There are certain situations where you cannot file an amended return. If you filed your original return as Married Filing Separate you can amend the individual separate returns to claim one joint return, but if the filing status on your original return was Married Filing Joint you cannot amend the return to file separate returns after the due date of the original return (i.e. April 17th for a 2006 return).

There are also situations when you have more than three (3) years to file an amended return. If the Form 1040X is being filed because of a worthless stock you generally have seven (7) years from the due date, including any extensions, of the return for the year in which the stock became worthless. For the carryback of a Net Operating Loss (NOL) you have three (3) years from the due date of the return for the year in which the NOL was created. In the case of an NOL carryback you would file Form 1045, Application for Tentative Refund, instead of Form 1040X.

Any questions?

TTFN

15 comments:

Anonymous said...

Question. If you want to file an amended return for 2004 and are not as tax saavy as the wandering tax pro is there any software that can help with this daunting task? I seem to be overwhelmed trying to amend our Sched. C and all of the accompanying forms (ie 8829,4562) and the instructions that can be over 50 pages long. Please help!?!

Robert D Flach said...

Dear Anonymous-

I have responded to your question in my June 6th posting.

TWTP

Anonymous said...

Question. Trying to amend my tax return to married filing jointly. On Column A, where it asks for the amount on the original return, do i put in say the AGI of one person and Column C the combined AGI of both myself and my wife or does column A hold that info. Hope the question is clear.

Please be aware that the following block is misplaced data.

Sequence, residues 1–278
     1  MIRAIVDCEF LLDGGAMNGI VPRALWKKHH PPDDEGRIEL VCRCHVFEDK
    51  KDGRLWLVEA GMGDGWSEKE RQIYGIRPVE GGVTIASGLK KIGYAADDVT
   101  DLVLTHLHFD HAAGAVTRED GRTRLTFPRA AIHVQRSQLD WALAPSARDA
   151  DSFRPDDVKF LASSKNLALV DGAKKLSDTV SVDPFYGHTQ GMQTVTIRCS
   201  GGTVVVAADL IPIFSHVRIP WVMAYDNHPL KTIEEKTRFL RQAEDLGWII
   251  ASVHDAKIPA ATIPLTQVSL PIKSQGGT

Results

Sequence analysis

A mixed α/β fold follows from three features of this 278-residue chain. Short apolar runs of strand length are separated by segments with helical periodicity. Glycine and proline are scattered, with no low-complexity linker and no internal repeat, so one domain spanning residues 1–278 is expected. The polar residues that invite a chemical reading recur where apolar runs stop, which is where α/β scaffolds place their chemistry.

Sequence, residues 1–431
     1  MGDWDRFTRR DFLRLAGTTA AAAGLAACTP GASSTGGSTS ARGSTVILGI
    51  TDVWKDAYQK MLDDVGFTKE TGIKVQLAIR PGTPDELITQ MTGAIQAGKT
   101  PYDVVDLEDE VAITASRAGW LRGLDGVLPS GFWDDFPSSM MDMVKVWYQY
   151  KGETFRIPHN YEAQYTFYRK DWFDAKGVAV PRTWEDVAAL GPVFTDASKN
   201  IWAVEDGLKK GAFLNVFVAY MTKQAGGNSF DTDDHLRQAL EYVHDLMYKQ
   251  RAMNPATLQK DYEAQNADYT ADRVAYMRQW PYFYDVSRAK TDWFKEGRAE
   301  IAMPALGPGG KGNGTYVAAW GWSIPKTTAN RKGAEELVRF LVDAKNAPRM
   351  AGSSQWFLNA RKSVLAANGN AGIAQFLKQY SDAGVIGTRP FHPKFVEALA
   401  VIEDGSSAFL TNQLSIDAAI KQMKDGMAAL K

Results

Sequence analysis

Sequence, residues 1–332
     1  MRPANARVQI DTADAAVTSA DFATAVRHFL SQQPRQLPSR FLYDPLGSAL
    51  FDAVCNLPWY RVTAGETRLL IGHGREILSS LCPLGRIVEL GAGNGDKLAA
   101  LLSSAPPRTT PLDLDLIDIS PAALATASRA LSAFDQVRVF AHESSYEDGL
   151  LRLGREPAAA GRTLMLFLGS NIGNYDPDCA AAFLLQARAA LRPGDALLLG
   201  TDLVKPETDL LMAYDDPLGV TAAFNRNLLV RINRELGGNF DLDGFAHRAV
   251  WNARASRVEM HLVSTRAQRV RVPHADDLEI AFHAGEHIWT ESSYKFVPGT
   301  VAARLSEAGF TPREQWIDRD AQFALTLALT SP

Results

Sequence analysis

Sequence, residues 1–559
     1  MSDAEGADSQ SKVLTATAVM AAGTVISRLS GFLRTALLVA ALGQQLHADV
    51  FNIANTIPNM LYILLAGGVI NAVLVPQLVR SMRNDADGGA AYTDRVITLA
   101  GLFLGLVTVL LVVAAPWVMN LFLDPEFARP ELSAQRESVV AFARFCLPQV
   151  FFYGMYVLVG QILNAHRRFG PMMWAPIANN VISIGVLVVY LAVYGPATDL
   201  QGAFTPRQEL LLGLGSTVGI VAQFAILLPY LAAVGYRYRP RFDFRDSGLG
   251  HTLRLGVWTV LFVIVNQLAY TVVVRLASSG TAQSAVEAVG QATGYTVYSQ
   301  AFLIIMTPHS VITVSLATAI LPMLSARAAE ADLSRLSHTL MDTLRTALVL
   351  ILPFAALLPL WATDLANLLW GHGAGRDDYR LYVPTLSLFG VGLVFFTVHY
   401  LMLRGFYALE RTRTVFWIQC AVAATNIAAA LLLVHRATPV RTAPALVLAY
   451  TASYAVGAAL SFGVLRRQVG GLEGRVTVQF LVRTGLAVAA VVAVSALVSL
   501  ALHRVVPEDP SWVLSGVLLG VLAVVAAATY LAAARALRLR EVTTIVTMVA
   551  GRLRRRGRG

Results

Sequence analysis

Robert D Flach said...

Dear Anonymous-

If you and your spouse are changing from separate returns to a joint return, follow these steps:

(1) Enter in Column A the amounts from your separate return as originally filed (or as previously adjusted by the IRS).

(2) Enter in Column B the amounts from your spouse's separate return as originally filed or previously adjusted - combined with any other specific changes you are making to either original return.

(3) Enter in Column C the total of Column A and Column B - which represents the joint return.

What I do in such a case is do a 4-column spreadsheet. I put the numbers from the husband's original or revised return in the first column, the numbers from the wife's original or revised return in the second column, any other net changes to the originals in the third column, and the total of the first 3 columns in the fourth column. Column 1 is 1040X Column A, the sum of Columns 2+3 is 1040X Column B, and Column 4 is 1040X Column C.

I hope I have been clear. Any other questions?

THE WANDERING TAX PRO

Anonymous said...

Thanks, that answers my question...it would certainly hit me then that whoever's name is listed on the 1040X first goes on column A. Question is, whose name goes first...hypothetical situation - husband makes more money but wife claimed both kids on her original tax return - would higher income then make her ineligible for EIC? much appreciated

Robert D Flach said...

Dear Anonymous-

(1) If you switch from separate returns to a joint return the amended joint income (AGI) determines eligibility for and amount of EIC.

(2) If the child is a qualifying child of two persons, and the two persons are parents of the child and they do not file a joint return together, then the child will be treated as the qualifying child of the parent with whom the child lived the longest during the year.